Light-controlled conformational changes. An important approach to developing far-red/near-infrared opto-RTK consists of fusing cytoplasmic RTK domains to a photosensory core module (PCM) of DrBphP bacterial phytochrome from Deinococcus radiodurans. DrBphP-PCM remains dimeric while undergoing substantial conformational changes when illuminated. Under far-red light, the distance between the C-termini of DrBphP-PCM can reach 3 nm (Fig. 1D), which is enough to prevent trans-phosphorylation of the kinase domains located at the C-terminus of DrBphP-PCM molecules. This approach was used to engineer optically-controlled TrkA and TrkB33 and optically-controlled EGFR and FGFR1.34 Bacterial phytochromes use biliverdin IXα that is readily available in mammalian tissues, and opto-RTKs engineered using bacterial phytochromes can function in stable cell lines and in transgenic animal models without external chromophores.35
Light-controlled clustering and CLICR. Light-induced dimerization, which is most frequently used in opto-RTK design, may be suboptimal for some receptors. For example, ephrin receptors form big oligomeric clusters on the cell surface, and efficient signaling is only possible after their oligomerization. Recently, a light-controlled EphB2 receptor was engineered by fusion with a Cry2 photoreceptor36 (Fig. 1E). Cry2 is the only photoreceptor that forms large oligomers upon illumination, which is currently used in optogenetic engineering.

All of the above-described opto-RTKs (Table 1) are chimeras of photoreceptors and the RTK kinase domain, and need to be expressed in cells heterogeneously. In contrast, a CLICR technique light-controls endogenous RTKs.14 In the CLICR approach, the N-terminal src-homology 2 (SH2) domain from PLCγ is fused N-terminally to Cry2. The SH2 domain interacts with cytoplasmic domains of endogenous RTKs. In darkness SH2-Cry2 weakly interacts with endogenous RTK, while blue light induces SH2-Cry2 clustering and increases its avidity to endogenous RTKs, leading to receptor oligomerization and activation (Fig. 1E). CLICR activates endogenous RTKs, such as FGFRs and PDGFR non-discriminately. The use of more specific N-terminal Cry2 fusions that recognize RTKs, such as mAbs against C-termini of RTKs could adapt CLICR to specific RTK targets.

Optochemical means of controlling RTK activity

Optochemical control of RTK signaling can be achieved by photolabile protecting groups (caging groups) linked to proteins, small molecule inhibitors, metal ions, aptamers and other substances (Fig. 2 and Table 1). Caging groups inhibit substance activity until light-induced uncaging. Optochemistry can regulate endogenous RTKs and opto-RTKs by a number of techniques, including photocaging of amino acids, such as tyrosines in the catalytic center of RTKs (Fig. 2A), use of photocaged small-molecule activators linked to RTKs (so called semi-genetically encoded opto-RTKs) (Fig. 2B), photocaging of RTK agonists (Fig. 2C), chromophore-assisted light inactivation (CALI) (Fig. 2D), and opto-PROTAC technique (Fig. 2E).
image file: d0sc03570j-f2.tif
Fig. 2 Optochemical means of controlling RTK activation. (A) Photocaging of amino acid residues. Top: Upon UV illumination ONB is photocleaved. Photodeprotection of Tyr in the CDR of nanobody enables binding of the extracellular EGFR domain and inhibition of its signalling. Bottom: Upon near-infrared illumination coumarine derivative is photocleaved. Photodeprotection of Lys in the active center of MEK1 results in kinase activation. (B) Development of semi-genetically encoded opto-RTKs. Left: Venus-flytrap (VFTD) based optochemical RTK activation. Ligand-binding domains of insulin receptor 1 (IR1) and c-Met are changed to VFTD of the GPCR mGluR2 with snap-tag. Labeling with BGAG8 makes VFTD-RTK chimeras photoactivatable. Upon illumination with UV light uncaged glutamate from BGAG8 binds VFTD which results in the VFTD-RTK chimera activation. Right: Photocaged rapamycin is able to induce dimerization of RTK domains only upon UV illumination. (C) DNA aptamer uncaging. Left: c-Met agonist (DNA aptamer) is linked to blocker aptamer with photocleavable linker. UV illumination leads to linker cleavage, agonist release and c-Met activation. Right: c-Met agonist (DNA aptamer) is conjugated to golden nanorods (AuNRs). Near-infrared illumination leads to heating of AuNRs, c-Met agonist release, endogenous c-Met activation. (D) CALI. VEGFR-2 binding peptoid is conjugated to Ru(II) (tris-bipyridil)2+. Illumination leads to production of singlet oxygen, which inactivates VEGFR-2. (E) Opto-PROTAC approach. Ceretinib, specific to ALK (“warhead”) is connected to opto-POMA, UV illumination causes cleavage of NVOC group, interaction of POMA with E3 ligase and destruction of RTK intracellular domain.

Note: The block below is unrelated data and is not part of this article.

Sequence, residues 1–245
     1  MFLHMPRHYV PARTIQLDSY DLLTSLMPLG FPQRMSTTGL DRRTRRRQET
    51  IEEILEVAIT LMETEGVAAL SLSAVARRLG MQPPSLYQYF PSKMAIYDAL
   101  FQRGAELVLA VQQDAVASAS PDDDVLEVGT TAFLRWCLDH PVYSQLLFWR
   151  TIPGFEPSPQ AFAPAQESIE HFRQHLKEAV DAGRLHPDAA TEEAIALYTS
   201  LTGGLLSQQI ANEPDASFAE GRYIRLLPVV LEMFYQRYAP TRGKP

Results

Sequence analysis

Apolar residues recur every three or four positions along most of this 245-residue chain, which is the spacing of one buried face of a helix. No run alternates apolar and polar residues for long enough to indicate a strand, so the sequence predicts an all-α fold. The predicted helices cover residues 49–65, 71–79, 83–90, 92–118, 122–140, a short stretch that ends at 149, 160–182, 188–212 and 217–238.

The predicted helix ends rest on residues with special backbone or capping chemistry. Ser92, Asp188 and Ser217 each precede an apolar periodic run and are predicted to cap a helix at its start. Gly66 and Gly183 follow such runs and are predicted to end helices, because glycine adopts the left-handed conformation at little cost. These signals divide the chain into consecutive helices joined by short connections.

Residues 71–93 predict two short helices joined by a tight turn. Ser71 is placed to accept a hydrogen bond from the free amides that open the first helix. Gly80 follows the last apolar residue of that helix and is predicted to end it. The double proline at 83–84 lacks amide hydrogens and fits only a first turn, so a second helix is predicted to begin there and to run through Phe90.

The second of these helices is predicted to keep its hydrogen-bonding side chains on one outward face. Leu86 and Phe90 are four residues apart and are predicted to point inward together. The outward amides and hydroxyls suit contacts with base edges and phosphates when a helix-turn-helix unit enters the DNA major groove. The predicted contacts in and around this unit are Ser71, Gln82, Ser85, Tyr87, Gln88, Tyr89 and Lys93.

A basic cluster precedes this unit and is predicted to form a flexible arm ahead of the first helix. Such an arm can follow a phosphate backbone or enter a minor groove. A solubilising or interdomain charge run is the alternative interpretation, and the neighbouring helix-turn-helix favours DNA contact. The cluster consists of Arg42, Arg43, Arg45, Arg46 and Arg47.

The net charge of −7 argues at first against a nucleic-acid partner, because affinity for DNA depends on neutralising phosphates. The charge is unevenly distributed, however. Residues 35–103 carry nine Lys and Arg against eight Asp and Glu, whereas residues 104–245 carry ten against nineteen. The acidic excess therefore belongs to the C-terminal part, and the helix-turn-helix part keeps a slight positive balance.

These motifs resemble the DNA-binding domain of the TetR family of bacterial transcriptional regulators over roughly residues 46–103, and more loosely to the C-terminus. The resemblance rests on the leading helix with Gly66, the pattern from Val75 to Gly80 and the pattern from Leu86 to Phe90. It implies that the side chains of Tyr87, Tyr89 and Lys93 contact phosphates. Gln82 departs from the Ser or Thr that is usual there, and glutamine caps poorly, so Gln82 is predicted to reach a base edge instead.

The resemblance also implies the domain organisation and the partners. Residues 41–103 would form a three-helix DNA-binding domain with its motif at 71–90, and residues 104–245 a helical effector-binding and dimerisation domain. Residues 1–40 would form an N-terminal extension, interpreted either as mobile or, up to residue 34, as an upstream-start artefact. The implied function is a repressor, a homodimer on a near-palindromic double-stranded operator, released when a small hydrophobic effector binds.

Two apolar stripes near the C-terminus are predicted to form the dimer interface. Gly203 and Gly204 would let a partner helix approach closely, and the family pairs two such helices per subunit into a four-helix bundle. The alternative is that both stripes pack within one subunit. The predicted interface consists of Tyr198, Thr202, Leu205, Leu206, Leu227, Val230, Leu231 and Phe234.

Photocaging of amino acids and anti-RTK antibodies. Photocaging of amino acids in RTKs and anti-RTK antibodies are reliable ways to block their function. The most frequently used for that photocaging is o-nitrobenzyl (ONB) group. Installation of a photocaging group can be performed through chemical modification of proteins in vitro, but it is more convenient to install relevant groups through the incorporation of unnatural amino acids, such as ONB-conjugated tyrosine (ONBY) (Fig. 2A). Illumination with UV light leads to deprotection of the tyrosine residues (Fig. 2A), resulting in activation of the relevant protein function, such as the ability to be phosphorylated or to bind to an antigen.

The incorporation of unnatural amino acids, which uses genetic code expansion through the amber codon suppression technique, involves engineering of orthogonal tRNA synthetases and their cognate rRNAs that are able to include unnatural amino acids in response to an amber stop codon (TAG). Initially, this method was used to incorporate tyrosines, lysines and serines conjugated with ONB. More recently, a tRNA synthetase capable of including coumarine-conjugated unnatural amino acids instead of TAG has been used.37